Author(s): Peter Bryer
Is it parasitic behaviour or perfect free-market dynamics? It doesn't take much for users to disrupt a billion-dollar industry.
According to a study by a firm called PageFair, 41% of Internet users between the ages of 18 and 29 block Web advertisements in their PC browsers. Preventing ads can be accomplished by installing simple and free browser add-ons like Adblock Plus, which is now the most popular third-party extension for Firefox. The study states that the number of people using Adblock Plus has increased from 20 million to 144 million in the past five years, and there are other ad-prevention apps for most popular browsers. Usage of such software is up by 70% year-on-year.
The stats get more disturbing for publishers: the most active Web users are most likely to block ads. Gaming and technology sites are among the hardest affected by the behaviour. A small download can mean big changes for a number of global industries.
It's the elephant in the room for content providers already struggling with a shift from physical media and failed paywalls. The objectivity of some of PageFair's statistics can be debated, but the accelerating threat of ad-blocking software is certainly causing another iteration of concern among publishers and online services. Companies are rushing to find new methods of ad placement or completely new ways to make money from content.
The implications are so vast and change is happening so quickly that some affected parties are contemplating suing the makers of popular ad-blocking software for threatening current business models. In France, a trade group for online publishers, GESTE, and the French Internet Advertising Bureau are exploring the possibility of suing Eyeo, the German company behind Adblock Plus.
The French organisations may have taken inspiration from a current lawsuit in Germany in which several local media companies are suing Eyeo. Its business model is under fire — it charges whitelisting fees from advertisers in addition to collecting end-user contributions, a controversial move for the controversial browser add-ons. Adblock Plus can circumvent Adblock Plus for a price, though users can still opt out. Eyeo states on its Web site that the company is "just getting started". That's not a reassuring statement for affected industries.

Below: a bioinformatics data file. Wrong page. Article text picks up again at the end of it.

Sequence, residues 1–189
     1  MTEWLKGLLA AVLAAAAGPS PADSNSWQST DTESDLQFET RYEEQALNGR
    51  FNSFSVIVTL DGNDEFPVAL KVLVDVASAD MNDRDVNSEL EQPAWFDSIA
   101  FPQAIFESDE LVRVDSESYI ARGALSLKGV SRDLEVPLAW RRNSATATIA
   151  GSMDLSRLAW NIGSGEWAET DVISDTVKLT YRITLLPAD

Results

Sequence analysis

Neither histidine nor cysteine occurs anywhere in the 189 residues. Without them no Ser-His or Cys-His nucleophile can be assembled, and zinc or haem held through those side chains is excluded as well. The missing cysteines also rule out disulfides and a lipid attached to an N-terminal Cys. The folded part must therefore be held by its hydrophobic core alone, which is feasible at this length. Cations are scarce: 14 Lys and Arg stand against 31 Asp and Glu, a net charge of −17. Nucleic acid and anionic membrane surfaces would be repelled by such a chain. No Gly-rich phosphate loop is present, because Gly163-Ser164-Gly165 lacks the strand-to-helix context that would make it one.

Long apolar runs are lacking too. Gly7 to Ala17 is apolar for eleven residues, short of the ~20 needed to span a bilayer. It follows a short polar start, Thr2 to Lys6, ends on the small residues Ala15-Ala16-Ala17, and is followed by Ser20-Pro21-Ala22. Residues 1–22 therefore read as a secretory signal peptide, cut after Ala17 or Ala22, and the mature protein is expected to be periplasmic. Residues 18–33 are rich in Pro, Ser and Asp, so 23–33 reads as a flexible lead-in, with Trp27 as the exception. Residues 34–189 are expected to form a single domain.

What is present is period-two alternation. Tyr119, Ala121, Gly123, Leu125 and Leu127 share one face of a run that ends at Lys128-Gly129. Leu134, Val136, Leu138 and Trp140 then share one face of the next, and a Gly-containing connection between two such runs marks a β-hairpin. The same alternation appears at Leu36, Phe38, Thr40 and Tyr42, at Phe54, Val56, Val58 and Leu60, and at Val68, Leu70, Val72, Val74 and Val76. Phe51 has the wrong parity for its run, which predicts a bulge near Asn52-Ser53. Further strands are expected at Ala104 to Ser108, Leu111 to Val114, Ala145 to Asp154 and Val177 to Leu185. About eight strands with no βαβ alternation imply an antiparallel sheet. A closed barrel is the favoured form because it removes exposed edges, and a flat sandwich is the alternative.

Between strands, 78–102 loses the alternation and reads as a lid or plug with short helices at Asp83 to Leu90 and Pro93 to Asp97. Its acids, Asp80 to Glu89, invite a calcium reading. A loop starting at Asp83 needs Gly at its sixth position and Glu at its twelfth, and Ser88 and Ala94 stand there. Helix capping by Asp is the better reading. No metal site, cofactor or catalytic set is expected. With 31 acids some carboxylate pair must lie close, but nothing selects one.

When publishers and service providers do find ways around ad-blocking utilities, those apps turn around and offer updates: it's a banner-blocking arms race. However, the bigger concern is demographics, with tech-savvy generations making their own decisions. The pernicious Web-surfing habits of youth today will be the norm of the adults of tomorrow. Publishers and advertisers must find ways to use tracking and targeted ad placement in more subtle but effective ways.
Ad-blocking is a marginal threat to the more tightly controlled mobile ecosystems. Most mobile apps are installed via Apple's and Google's controlled app stores, and those companies are blocking the blockers despite the existence of technical work-arounds. Mobility is providing some immunity to ad-blockers, an encouraging development for companies relying on ad-based business models. Advertisements are becoming more targeted and more contextual as the use of smartphones and tablets increases.
Countering disruptions to revenue models with lawsuits is rarely a successful approach. Users tend to grow with their behaviours even if litigation succeeds. Company executives might stay the same, but generations trend in their own ways. Past lawsuits by content owners did little to prevent the use of VCRs, digital video recorders or MP3 players. Ad blocking has reached mainstream and business models need to acknowledge the trend.